Nicholas Arthur Steele (1933 - 1997) was a pioneer game ranger in the northern Natal province (Zululand) game reserves in the late 1950s. He was involved in the project to translocate excess white and black rhinos from the Umfolozi and Hluhluwe reserves to the rest of the world. To know more about Nick Steele's extraordinary life, read the eulogy delivered at his funeral by Ian Player.
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Bushlife Of A Game Warden by Nick Steele (1979) is a riveting authoratitive account of the author's life amongst poachers, villains, adventurers, lions, rhinos, cheetahs and wild animals of every kind. He sets out are all the problems, misadventures, setbacks and triumphs of professional game wardens.
Game Ranger On Horseback by Nick Steele (1968) is about the game reserves in Zululand, the game animals, the men who guard them, the poachers who raid them and all the dramas and varied excitement of a game ranger's life.
Take A Horse To The Wilderness by Nick Steele (1971) is a part history book, part adventure story, part equestrian travel book and all round great read. This book is an extremely scare classic written by the equestrian expert and renowned mounted game ranger. Currently unavailable.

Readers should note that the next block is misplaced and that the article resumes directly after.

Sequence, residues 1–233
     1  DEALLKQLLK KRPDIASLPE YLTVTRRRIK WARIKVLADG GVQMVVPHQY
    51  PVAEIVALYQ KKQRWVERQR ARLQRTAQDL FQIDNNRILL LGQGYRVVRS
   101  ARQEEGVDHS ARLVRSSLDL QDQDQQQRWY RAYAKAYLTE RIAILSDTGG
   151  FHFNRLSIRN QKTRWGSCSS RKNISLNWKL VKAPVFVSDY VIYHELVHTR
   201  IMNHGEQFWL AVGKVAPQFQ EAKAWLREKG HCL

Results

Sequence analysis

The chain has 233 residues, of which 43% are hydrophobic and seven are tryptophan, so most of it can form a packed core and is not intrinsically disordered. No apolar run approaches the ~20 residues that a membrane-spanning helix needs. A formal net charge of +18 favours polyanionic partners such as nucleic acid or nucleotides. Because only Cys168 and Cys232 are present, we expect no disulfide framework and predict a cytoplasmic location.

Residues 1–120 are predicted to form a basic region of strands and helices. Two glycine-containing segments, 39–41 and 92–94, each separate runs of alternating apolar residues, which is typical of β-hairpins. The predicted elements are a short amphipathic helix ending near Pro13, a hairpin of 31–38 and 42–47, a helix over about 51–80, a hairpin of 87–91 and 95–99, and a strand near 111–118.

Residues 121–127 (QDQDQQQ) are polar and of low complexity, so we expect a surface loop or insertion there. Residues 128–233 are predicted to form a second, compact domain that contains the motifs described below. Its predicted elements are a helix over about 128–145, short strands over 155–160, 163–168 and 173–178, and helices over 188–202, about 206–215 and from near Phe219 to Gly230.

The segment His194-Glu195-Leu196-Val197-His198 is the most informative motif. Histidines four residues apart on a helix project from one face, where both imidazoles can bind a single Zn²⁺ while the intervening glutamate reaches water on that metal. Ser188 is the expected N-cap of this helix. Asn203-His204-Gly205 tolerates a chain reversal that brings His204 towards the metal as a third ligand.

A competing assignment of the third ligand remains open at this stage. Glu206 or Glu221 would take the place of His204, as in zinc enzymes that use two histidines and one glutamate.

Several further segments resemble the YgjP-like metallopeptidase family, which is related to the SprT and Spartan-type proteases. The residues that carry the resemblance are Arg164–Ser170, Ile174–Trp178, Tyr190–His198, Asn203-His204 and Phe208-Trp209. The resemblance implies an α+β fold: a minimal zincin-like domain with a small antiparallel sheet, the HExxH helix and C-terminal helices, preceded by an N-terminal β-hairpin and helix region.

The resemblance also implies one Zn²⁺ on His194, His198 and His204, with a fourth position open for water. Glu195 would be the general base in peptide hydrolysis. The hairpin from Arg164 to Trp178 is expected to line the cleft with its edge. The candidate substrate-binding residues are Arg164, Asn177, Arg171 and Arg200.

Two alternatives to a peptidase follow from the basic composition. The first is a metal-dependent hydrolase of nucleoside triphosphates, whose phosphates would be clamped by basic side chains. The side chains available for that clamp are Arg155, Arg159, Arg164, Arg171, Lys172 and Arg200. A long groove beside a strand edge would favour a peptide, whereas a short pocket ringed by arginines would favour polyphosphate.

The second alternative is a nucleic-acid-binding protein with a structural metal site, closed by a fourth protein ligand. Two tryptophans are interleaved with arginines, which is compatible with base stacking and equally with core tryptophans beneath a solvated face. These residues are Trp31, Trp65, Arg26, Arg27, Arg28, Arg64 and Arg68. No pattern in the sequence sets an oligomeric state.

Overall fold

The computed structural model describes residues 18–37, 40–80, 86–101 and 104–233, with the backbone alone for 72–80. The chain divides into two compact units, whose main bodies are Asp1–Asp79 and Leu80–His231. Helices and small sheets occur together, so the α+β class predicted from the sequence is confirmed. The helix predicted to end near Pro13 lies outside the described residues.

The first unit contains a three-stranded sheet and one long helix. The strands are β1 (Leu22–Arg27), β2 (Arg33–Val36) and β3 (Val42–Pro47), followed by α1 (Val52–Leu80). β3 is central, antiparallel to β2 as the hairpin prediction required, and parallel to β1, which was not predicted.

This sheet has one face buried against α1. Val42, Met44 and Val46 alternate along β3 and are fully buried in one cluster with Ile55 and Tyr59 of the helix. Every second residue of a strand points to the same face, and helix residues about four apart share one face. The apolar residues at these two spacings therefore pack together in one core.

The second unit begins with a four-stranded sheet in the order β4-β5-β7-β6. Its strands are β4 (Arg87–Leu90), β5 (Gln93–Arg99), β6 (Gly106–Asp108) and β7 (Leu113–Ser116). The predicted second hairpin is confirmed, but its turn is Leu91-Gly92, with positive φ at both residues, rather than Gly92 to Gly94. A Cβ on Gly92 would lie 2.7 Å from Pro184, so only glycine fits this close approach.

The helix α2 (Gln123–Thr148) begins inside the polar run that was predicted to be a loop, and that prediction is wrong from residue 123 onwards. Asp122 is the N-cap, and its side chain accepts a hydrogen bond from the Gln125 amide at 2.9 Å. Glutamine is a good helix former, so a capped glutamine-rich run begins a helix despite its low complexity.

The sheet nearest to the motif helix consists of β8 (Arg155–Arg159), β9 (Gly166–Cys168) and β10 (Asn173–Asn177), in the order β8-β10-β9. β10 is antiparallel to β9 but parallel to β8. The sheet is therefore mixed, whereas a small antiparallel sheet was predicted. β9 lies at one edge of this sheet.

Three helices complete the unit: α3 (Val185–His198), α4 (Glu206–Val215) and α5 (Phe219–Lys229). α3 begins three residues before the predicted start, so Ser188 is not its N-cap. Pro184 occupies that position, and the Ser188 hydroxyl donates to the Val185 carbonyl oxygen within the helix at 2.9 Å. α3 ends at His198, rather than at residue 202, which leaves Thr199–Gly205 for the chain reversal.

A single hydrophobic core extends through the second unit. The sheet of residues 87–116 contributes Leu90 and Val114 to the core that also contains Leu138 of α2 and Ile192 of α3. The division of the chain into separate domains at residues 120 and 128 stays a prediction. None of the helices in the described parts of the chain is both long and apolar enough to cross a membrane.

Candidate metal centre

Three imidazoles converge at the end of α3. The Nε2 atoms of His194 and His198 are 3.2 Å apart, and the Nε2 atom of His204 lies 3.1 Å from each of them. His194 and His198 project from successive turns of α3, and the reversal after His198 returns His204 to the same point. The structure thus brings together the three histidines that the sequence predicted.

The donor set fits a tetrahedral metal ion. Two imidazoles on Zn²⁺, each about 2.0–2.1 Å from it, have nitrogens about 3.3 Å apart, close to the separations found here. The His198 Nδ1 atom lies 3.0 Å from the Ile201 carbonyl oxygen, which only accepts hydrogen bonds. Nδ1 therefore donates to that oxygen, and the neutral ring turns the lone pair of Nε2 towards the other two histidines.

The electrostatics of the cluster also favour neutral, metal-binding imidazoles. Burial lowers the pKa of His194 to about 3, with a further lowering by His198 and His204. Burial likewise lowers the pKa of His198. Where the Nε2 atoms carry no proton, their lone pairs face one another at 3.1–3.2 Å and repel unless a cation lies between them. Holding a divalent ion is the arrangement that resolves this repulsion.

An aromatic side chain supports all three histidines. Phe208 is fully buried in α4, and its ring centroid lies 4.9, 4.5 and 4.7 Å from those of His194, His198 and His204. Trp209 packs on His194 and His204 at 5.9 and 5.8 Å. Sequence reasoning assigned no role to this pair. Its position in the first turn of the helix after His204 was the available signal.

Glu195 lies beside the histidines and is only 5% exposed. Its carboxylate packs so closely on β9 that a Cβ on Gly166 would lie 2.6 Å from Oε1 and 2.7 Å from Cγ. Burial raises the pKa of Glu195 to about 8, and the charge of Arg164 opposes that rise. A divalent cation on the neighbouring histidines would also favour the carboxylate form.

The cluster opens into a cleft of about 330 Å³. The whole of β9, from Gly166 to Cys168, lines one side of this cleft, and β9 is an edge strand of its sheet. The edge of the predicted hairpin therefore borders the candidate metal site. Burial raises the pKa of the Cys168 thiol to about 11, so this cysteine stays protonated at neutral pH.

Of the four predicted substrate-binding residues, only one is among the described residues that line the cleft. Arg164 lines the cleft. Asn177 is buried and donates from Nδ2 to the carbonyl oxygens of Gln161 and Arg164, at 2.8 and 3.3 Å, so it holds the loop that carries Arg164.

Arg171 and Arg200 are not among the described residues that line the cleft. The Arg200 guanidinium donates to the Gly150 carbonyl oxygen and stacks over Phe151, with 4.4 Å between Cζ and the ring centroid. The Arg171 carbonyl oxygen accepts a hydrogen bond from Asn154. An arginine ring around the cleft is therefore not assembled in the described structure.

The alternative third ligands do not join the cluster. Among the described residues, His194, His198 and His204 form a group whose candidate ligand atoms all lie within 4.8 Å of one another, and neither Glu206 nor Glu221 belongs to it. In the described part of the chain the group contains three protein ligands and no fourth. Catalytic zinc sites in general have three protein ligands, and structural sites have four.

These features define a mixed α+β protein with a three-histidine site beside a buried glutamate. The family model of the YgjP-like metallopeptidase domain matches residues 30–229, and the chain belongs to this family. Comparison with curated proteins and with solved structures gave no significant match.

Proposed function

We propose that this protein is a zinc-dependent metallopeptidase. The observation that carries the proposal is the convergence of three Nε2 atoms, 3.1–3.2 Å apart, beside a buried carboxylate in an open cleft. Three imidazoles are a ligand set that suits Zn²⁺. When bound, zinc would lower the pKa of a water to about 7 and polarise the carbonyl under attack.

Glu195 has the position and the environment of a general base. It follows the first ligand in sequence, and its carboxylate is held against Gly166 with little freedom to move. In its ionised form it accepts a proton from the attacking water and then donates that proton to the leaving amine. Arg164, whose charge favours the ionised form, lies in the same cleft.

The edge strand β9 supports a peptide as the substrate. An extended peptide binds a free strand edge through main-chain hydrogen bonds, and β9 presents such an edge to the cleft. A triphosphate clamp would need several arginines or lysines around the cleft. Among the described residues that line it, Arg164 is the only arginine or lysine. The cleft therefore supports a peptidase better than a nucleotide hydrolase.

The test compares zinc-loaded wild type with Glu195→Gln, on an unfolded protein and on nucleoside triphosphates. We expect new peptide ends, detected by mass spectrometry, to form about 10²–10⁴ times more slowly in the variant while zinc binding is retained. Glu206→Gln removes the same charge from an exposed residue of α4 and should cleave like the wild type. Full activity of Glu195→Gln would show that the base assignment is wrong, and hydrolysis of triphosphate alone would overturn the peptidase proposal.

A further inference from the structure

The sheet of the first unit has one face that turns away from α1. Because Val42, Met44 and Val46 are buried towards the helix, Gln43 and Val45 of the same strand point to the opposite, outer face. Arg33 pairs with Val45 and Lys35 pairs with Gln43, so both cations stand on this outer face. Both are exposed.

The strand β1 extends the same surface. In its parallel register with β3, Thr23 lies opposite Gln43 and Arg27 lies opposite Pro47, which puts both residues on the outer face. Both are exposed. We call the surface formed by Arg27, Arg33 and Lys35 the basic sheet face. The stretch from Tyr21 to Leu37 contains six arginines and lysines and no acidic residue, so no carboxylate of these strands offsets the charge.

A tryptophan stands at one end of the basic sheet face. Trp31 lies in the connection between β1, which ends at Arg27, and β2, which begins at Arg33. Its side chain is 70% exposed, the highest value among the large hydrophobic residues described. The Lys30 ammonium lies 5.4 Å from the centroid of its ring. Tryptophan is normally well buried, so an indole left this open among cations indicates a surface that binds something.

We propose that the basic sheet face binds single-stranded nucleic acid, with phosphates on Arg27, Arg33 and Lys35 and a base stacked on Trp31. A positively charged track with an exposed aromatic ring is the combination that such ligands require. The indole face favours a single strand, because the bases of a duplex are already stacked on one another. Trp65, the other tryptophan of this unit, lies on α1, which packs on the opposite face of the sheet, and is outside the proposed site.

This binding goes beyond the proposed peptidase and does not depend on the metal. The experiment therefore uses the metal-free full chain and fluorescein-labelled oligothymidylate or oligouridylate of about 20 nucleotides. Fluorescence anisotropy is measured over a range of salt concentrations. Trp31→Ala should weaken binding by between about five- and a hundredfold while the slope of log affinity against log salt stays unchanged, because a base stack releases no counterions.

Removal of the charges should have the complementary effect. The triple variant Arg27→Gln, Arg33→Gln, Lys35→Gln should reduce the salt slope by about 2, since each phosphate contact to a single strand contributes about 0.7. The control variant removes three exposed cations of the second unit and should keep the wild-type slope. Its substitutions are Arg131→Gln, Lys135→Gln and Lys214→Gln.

Poachers In The Hills: Norman Deane's Life In Hluhluwe Game Reserve by Nick Steele (1992) is the story of Game Warden Norman Deane's life (1925 - 1983) in the Hluhluwe Game Reserve. He bequeathed his diaries and personal papers to Nick Steele before he died. Norman Deane was the Ranger-in-charge at Mkuzi Game Reserve, Northern Zululand before he was posted to Hluhluwe Game Reserve in 1954 where he eventually rose to the rank of Senior Warden. This book is currently unavailable.
Securing Wilderness Landscapes In South Africa: Nick Steele, Private Wildlife Conservancies And Saving Rhinos by Harry Wels (2015) is an account of the times when private wildlife conservation was a booming business in South Africa in the 1970s and 1980s. Nick Steele was at the heart of this development, encouraging farmers in Natal, now KwaZulu-Natal, to pool resources to restore wilderness landscapes, but at the same time improve their security situation in cooperative conservancy structures. Nick Steele's involvement in Operation Rhino in the 1960s and subsequent networks to save the rhino from extinction, brought him into controversial, often militarily oriented, networks around the western world.
Page Updated: June 2021